Empathy—that ability to imagine how another person feels and share an emotional experience along with them—is praised as an ideal of human behavior. After all, one of the alleged hallmarks of a true psychopath is that they can’t feel empathy or don’t come by it naturally. Without empathy, how can we understand what the marginalized and the suffering go through? Social scientists believe that empathy originates, evolutionarily, as a series of “prosocial” behaviors, essential glue that helps humans stick together for increased survival.
Yet, more recently, psychologists and neuroscientists alike have begun to take a radically different stance on the empathy-is-good line of thinking. In fact, over-empathizing might be making us emotionally burned out and unwell, leading to such states as “compassion fatigue,” or “secondary trauma,” which affects first responders and caregivers at higher rates. In these states, a person can begin to feel numb, depressed, anxious, or even inexplicably angry.
However, it isn’t only those who rescue and help others on a regular basis that are sensitive to “catching” the pain of empathy. The truth is, we all are. You’ve felt it when reading a news story circulating on social media about a war-torn country, or kids living in poverty, or the victims of a natural disaster come across your feed. At first you feel sad, then depressed, and then, you may have the urge to turn it off, look away—because it hurts to empathize.
In 2004, social neuroscientist Tania Singer was the first person to put a subject into an fMRI machine and look at what empathy did to the brain. Sixteen romantic couples took turns receiving mild electric shocks to elicit a pain reaction in the brain. First they measured what happened when the volunteer received a shock, and then they measured what happened to their romantic partner when they heard their partner receive a shock. While the shock itself naturally lit up the pain centers of the person receiving the shock’s brain, hearing a romantic partner receive a shock lit up a different kind of pain center—known as “afferent pain” or emotional pain, part of the “empathy for pain network.” In other words, empathy hurts.
Singer’s work also found that empathizing with the physical or emotional pain or stress of strangers can also elicit distress in an onlooker. Emma Young writes for New Scientist, “That is backed up by experiments in which, for example, people who watched a 15-minute TV newscast reported increased anxiety afterwards, with their anxiety only decreasing after an extended relaxation exercise.”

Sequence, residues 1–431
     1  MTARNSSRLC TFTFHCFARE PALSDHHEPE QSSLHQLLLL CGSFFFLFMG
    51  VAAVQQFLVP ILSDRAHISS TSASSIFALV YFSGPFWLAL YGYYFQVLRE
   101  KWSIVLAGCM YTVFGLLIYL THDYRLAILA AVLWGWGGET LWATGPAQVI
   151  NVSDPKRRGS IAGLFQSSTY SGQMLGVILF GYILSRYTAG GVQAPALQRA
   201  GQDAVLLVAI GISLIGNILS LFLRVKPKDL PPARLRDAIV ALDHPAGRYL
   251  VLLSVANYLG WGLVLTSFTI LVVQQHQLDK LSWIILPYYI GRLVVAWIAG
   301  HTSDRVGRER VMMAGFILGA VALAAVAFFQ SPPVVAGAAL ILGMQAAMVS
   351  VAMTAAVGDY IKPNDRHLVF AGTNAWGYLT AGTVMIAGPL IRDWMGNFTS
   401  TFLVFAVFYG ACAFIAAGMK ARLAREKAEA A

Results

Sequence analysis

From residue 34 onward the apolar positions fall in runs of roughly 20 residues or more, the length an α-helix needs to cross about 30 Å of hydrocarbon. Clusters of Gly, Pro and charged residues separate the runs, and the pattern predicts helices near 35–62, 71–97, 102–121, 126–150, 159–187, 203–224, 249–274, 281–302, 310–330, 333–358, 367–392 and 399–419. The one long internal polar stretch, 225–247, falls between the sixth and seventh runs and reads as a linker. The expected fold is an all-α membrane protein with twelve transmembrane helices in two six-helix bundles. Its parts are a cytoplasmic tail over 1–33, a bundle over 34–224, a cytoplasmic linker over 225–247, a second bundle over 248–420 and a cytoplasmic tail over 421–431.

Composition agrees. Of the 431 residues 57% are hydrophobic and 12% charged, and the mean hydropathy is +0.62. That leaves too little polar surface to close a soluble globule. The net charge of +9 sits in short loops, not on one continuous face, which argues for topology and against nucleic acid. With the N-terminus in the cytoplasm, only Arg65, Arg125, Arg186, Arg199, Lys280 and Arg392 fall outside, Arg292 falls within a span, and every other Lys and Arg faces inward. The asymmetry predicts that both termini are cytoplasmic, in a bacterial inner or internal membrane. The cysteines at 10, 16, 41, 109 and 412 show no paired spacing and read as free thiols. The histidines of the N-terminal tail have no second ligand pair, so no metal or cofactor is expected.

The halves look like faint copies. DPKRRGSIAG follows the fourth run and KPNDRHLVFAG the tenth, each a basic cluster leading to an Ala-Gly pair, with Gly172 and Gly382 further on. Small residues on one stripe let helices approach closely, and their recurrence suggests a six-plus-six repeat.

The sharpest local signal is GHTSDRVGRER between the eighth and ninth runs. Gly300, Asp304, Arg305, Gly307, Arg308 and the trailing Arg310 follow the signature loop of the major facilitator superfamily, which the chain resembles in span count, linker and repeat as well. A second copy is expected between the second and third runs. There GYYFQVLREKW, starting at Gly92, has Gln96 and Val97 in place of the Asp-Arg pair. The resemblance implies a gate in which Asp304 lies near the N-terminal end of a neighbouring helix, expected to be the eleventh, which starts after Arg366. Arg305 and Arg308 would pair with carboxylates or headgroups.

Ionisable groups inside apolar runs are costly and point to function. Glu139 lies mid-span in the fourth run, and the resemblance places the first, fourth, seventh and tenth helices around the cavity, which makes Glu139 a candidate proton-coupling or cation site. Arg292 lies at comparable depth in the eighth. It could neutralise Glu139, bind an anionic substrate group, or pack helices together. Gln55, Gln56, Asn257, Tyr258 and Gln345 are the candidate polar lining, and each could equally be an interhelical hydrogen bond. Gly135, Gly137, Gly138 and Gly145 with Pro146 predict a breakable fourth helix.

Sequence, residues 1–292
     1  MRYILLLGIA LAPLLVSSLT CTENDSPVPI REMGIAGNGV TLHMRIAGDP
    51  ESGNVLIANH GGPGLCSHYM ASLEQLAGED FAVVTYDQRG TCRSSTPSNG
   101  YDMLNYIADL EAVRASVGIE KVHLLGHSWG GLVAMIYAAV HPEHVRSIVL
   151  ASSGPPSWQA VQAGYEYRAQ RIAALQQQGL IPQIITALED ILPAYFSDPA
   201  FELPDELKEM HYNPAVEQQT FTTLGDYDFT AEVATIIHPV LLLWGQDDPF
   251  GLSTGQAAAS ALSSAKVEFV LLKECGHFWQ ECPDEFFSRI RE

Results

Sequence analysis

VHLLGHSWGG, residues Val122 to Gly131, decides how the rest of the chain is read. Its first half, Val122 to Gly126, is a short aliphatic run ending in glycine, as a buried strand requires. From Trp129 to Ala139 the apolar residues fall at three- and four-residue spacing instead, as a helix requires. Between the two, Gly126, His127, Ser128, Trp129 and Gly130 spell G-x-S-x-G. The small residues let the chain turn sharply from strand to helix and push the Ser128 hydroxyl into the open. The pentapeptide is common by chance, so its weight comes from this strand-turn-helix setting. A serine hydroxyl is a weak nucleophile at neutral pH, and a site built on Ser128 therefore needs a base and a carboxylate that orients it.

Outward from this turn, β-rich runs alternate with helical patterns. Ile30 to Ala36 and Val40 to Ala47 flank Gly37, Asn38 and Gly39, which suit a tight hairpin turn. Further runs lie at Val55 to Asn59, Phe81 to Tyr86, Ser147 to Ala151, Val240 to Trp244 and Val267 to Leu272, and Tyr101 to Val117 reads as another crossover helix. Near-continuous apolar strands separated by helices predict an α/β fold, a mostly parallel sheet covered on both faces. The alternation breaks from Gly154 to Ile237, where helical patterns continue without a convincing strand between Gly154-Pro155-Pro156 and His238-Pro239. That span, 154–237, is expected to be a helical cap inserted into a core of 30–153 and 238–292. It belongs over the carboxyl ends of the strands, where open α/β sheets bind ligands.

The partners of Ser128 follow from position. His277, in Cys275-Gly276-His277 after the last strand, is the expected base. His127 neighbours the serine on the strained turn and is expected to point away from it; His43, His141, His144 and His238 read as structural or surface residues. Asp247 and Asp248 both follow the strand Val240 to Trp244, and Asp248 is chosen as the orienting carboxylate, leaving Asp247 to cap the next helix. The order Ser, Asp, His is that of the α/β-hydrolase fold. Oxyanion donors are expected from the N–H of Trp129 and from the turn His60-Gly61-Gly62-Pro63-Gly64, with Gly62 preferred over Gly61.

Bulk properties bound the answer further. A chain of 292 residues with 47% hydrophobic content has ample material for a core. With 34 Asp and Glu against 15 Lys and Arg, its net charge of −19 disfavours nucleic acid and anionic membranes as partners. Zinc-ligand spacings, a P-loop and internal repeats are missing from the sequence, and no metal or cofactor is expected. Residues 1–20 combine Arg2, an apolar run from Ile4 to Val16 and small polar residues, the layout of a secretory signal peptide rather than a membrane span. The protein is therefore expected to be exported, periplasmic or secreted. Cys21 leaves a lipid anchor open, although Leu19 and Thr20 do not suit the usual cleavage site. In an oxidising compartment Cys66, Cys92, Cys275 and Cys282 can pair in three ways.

Over-empathizing can lead to all kinds of negative emotional outcomes. “People who experience more empathic distress in their daily lives are more likely to become aggressive when provoked even towards an innocent person,” said Olga Klimecki, University of Geneva in Switzerland.
And, in fact, no one may truly be immune to empathy, not even those allegedly unfeeling psychopaths. In 2014, Christian Keysers, a neuroscientist at the Netherlands Institute for Neuroscience in Amsterdam, studied the brains of psychopaths in relationship to empathy. When they first showed psychopaths images with no instruction on how to feel, the volunteers’ brains did not show much activity in the brain areas connected with empathy.
However, Keysers then asked these volunteers to consciously empathize with images they saw and the results were significantly dramatic—their brain responses were identical to those of the normally feeling, empathy-enabled control group’s. Young wrote, “In other words, even if your default empathy state is ‘off,’ you can turn it on when desired.” That was an eye-opener says Keysers: it seemed clear that a spectrum of empathy could exist in all individuals.
Since her 2004 study, Singer has begun to study the difference between empathy and compassion. She built upon earlier research by Richard Davidson, a professor of psychology and psychiatry at the University of Wisconsin, Madison where Buddhist monks were put in an fMRI machine and exposed to sounds such as women screaming in pain. The monks, who, through meditation, have been shown to have the ability to manipulate their neural empathy circuitry, were told to practice a mental “loving kindness meditation” thought to elicit compassion. When they did this, it suppressed that empathy for pain network.
Singer took this research a step further and asked another monk, Matthieu Ricard, formerly a molecular biologist, to empathize with the women’s suffering instead of practicing the compassion meditation. His empathy for pain network went gangbusters, and he asked her to stop the experiment almost as soon as it began, calling the sensation “unbearable.”
Ricard said, “Compassion is feeling for and not with the other.”